Sunday, September 27, 2015
The return of The Ninja, and other tales of the WTA
She's back. After slumping (or at least, her version of it) for most of the season, Aga Radwanska is now in possession of a second beautiful Tokyo trophy. The new title is Radwanska's first of 2015, and she won it by defeating CoCo Vandeweghe, Elina Svitolina, Karolina Pliskova, Dominika Cibulkova, and Belinda Bencic--an impressive run by any standard. The Polish star's defeat of Bencic in the final was especially impressive. Bencic was red-hot at this event, and while the 6-2, 6-2 scoreline doesn't begin to do justice to the young Swiss star's performance in the final, it does tell the story of The Ninja At Her Best.
Radwanska, whose skills and artistry practically defy description, is capable of being more aggressive than she sometimes is. But for the Tokyo final, she brought out the full package, and there was little Bencic could do to stop her.
Radwanska likes this Asian swing. In 2011, she won Tokyo and Beijing back to back.
World number 1 Serena Williams turned 34 yesterday. And today marks the 24th birthday of world number 2 Simona Halep.
The Road To Singapore is paved with uncertainty. Only three players--Williams, Halep and Maria Sharapova--have qualified for the WTA Finals. Petra Kvitova, Lucie Safarova, Flavia Pennetta, Angelique Kerber, and Carla Suarez Navarro are currently in the top 8 of the race, followed by Pliskova, Garbine Muguruza, Radwanska, and Bencic.
Earlier in the season, it looked as though Muguruza were "it"--the young player who was most likely to make a giant move soon. Now, most observers would probably pick Bencic. Anything could still happen, and "anything" could also be Karolina Pliskova--or Sloane Stephens, or Genie Bouchard, for that matter.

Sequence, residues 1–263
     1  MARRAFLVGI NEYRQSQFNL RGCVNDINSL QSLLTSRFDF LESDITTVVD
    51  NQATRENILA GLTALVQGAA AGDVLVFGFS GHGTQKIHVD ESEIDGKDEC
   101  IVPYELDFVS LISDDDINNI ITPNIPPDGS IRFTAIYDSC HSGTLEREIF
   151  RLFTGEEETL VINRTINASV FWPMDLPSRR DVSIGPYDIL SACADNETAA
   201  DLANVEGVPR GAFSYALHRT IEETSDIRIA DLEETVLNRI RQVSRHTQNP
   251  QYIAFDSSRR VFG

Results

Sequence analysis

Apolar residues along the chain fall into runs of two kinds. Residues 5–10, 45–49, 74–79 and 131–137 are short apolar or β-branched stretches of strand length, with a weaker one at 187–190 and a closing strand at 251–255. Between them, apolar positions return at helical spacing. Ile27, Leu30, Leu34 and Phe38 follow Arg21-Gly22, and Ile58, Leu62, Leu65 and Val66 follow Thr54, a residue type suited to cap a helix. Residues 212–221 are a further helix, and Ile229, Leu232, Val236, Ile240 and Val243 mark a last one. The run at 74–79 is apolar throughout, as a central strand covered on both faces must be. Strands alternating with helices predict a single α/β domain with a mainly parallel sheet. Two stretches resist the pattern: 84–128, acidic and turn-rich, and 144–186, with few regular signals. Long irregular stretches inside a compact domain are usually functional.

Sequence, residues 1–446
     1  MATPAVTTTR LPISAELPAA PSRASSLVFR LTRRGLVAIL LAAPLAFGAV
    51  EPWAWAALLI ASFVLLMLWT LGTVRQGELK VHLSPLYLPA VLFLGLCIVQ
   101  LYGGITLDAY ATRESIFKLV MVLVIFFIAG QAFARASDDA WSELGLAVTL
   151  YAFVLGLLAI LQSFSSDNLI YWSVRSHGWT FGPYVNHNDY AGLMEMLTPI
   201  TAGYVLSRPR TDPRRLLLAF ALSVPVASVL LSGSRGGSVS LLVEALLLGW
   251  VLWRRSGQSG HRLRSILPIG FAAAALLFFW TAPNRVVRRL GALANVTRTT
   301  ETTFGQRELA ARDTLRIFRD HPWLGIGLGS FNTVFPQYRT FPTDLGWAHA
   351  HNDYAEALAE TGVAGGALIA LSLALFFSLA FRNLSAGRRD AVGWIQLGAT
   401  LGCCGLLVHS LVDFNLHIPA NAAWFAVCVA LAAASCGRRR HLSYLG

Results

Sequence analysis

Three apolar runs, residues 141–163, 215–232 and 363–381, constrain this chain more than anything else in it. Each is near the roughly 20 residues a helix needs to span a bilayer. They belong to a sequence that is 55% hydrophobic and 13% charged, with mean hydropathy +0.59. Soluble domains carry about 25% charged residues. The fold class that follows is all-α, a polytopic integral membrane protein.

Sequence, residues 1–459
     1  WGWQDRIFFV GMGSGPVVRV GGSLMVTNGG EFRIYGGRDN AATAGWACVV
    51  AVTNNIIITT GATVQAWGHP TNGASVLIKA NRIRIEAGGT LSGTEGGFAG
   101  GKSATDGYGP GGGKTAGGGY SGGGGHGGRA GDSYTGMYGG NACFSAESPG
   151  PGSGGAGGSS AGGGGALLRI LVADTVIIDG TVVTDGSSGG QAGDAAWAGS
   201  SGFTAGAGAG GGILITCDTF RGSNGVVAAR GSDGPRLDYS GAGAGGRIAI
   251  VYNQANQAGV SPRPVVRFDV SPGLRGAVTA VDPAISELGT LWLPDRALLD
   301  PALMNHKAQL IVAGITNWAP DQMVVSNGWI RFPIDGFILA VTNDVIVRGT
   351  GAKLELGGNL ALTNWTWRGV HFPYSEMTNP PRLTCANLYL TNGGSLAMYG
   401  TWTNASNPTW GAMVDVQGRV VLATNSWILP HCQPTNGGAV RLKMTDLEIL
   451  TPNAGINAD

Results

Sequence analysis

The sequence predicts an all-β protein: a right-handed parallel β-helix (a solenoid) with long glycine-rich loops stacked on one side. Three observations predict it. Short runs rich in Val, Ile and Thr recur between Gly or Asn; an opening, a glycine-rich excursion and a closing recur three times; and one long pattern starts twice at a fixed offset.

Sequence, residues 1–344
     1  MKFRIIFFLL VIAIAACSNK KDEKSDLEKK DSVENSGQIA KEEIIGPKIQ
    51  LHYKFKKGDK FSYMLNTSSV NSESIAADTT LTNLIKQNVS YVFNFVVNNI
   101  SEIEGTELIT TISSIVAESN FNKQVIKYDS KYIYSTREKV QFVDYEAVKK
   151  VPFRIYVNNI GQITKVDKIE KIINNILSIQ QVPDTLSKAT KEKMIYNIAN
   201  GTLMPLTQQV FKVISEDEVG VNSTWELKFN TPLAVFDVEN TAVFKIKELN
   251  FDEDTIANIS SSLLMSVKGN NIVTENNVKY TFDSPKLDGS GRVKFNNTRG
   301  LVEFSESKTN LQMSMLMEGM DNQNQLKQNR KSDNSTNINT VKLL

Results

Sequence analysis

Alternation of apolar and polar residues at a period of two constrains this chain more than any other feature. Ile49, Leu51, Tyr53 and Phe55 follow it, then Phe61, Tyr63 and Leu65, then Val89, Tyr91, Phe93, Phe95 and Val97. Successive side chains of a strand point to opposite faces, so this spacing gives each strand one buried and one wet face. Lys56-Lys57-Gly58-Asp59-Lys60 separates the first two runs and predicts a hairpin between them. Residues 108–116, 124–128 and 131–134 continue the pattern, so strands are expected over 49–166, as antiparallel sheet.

Meanwhile, Halep has played her way to the number 2 spot in the world, but has yet to win a major. Both Halep and Radwanska play beautifully artistic and athletic tennis, and neither--in my opinion--has met her full potential.
Sharapova, who has been out with a leg injury, returns this week as an entrant in Wuhan. The defending champion is Petra Kvitova, who won the event last year just as her dear friend Li Na was retiring. To astute observers, in fact, it appeared that Kvitova won Wuhan "for" Li, who did not enter the tournament. The Czech star received the trophy after she defeated Genie Bouchard in straight sets in the final. This occurred, of course, a couple of months after Bouchard lost to Kvitova in the Wimbledon final.
Bouchard, by the way, is scheduled to play Bencic later today in the Wuhan first round. Never a dull moment.